The second problem addresses the level of the hired or appointed FSO. Suppose the FSO does make a sensible request based on threat assessment and NISPOM requirements. The program is presented professionally, but the management does not understand the role of the FSO as compliance officer and they are typically left underutilized. Perhaps they consider the FSO as a strictly administrative function. In these instances, the FSO has little input into the culture of the company and struggles to implement critical security measures.

Consider successful security models in Fortune 500 companies. They are larger and usually part of a mature corporate structure. Even larger defense contractors fit this category. Successful companies have security managers, chief security officers and compliance officers that are able to address security, privacy, and sensitive company information. These officers usually hold positions and responsibilities at the executive level as well as possess management skills and graduate degrees.

FSO’s in smaller DoD contractors have a unique challenge as far as the company culture and corporate structure. Perhaps the FSO was appointed from a lower management or assistant position. The management has mistakenly believed that the position is strictly administrative and is in place to request clearances and file away classified material. In other situations, these smaller companies grow larger with new contract requirements and responsibilities and work requirements grow with them. Those lower level employees are now faced with situations of growth, but their influence has not increased. The growth is happening and changes are made without their input, leaving them to play catch-up.

Look and act like senior leaders-So, how does the described security manager create influence and credibility that counts? First of all, they should observe the managers and imitate them. If management is dressed professionally, then the FSO should dress similar. If management requires professional and college education, the FSO should complete theirs.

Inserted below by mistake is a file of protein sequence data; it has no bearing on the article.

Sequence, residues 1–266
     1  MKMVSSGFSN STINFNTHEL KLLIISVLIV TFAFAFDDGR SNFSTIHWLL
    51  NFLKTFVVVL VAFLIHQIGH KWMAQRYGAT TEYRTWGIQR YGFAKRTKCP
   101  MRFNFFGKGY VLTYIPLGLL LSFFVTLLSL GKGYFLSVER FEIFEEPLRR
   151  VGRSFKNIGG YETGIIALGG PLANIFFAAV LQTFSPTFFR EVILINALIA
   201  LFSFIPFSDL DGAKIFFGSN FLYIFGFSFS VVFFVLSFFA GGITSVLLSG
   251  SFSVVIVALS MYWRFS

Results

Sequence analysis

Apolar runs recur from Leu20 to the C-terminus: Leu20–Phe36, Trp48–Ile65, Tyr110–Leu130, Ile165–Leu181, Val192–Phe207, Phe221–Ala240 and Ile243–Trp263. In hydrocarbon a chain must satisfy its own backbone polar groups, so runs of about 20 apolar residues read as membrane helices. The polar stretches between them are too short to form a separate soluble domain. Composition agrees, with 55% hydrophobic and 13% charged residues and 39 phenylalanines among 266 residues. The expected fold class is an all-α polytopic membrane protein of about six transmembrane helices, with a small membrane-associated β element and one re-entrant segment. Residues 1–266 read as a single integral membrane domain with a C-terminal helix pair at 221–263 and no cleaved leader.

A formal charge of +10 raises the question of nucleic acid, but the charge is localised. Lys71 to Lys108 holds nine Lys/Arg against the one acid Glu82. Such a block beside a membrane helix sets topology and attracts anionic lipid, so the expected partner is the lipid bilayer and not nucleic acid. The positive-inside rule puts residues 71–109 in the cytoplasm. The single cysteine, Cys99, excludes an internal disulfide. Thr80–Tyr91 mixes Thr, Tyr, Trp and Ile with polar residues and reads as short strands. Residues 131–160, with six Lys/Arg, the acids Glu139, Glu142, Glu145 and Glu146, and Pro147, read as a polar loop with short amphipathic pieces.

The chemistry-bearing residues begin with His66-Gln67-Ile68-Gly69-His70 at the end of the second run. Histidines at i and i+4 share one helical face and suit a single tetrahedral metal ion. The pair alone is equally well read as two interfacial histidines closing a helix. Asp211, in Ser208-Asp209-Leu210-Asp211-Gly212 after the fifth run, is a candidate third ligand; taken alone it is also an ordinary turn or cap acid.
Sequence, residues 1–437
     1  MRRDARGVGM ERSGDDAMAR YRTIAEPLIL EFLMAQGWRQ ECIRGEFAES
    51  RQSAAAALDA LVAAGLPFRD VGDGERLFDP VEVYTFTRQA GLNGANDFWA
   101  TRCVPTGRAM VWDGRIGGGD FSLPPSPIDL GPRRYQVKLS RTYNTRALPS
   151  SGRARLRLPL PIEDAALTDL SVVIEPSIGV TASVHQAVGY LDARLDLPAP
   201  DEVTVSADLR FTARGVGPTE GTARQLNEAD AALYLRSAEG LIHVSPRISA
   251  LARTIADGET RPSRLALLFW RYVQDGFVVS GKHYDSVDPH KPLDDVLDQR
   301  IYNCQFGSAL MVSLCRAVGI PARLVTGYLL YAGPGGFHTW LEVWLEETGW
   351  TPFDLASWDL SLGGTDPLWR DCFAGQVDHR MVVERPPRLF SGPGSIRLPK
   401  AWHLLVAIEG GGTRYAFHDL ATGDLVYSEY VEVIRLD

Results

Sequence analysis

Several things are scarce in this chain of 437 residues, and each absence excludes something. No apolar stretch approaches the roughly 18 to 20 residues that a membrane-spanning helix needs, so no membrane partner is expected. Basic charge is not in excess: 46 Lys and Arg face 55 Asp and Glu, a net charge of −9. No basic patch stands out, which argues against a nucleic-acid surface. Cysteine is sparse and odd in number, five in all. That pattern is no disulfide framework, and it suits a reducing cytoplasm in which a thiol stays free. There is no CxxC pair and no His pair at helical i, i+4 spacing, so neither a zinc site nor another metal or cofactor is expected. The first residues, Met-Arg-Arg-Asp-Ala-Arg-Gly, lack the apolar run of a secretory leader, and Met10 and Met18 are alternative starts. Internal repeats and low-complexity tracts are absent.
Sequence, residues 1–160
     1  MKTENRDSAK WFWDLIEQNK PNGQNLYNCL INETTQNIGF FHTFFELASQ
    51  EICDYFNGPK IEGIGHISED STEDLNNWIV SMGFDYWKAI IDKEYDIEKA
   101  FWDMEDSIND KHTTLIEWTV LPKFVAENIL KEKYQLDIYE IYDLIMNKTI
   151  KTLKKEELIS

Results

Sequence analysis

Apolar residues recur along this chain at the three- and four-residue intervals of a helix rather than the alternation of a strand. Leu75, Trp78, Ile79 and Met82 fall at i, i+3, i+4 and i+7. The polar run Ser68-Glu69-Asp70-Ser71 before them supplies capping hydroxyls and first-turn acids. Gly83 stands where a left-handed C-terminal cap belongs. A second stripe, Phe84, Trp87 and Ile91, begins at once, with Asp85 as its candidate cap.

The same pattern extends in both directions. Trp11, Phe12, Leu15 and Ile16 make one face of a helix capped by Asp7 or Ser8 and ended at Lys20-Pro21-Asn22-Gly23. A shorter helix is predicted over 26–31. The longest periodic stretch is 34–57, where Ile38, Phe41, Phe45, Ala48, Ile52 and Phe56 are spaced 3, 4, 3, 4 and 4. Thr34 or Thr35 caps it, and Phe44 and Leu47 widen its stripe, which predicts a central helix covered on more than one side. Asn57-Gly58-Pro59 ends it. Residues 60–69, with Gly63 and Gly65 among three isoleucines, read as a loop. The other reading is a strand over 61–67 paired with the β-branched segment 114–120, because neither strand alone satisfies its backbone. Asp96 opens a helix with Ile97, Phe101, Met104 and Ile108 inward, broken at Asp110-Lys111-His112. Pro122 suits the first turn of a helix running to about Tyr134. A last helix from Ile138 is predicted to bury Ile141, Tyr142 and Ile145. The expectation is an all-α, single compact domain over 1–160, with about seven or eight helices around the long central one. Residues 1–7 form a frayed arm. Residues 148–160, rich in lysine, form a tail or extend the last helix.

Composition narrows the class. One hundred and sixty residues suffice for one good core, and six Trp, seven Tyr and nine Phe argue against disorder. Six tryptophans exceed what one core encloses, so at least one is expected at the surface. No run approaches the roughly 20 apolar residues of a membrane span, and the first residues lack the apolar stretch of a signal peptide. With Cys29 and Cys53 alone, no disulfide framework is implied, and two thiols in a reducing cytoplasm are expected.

Learn how the company earns money-Understand the acquisition and buying system and become an expert. When the security manager understands the contracts process, they can contribute and present the security program in such a way that everyone understands. Instant credibility is gained when management knows the security manager is on board with cost reduction and compliance.

Presenting the security program does not have to be a frustrating event. If an FSO is in a position lacking credibility and influence, then they should do whatever it takes to move to the next step. Establishing credibility is a must and it involves making the transition from an administrative clerk to a risk analyzing and compliance professional. Learning to look and act like management and demonstrating an understanding of the business cycle is key to making that move toward excellence.

Read more about this article and follow Jeff's other ariticles, newsletters and updates @
Jeffrey W. Bennett is the owner of Red Bike Publishing ( He is an accomplished writer of non-fiction books, novels and periodicals. Published books include: "ISP Certification-The Industrial Security Professional Exam Manual"-Red Bike Publishing

Visit our site often for in formation on the upcoming book "Managing the Security of Classified Information and Contracts".

About Red Bike Publishing: Our company is registered as a government contractor company with the CCR and VetBiz (DUNS 826859691). Specifically we are a service disabled veteran owned small business.

Jeffrey W. Bennett
Author of ISP Certification-The Industrial Security Professional Exam Manual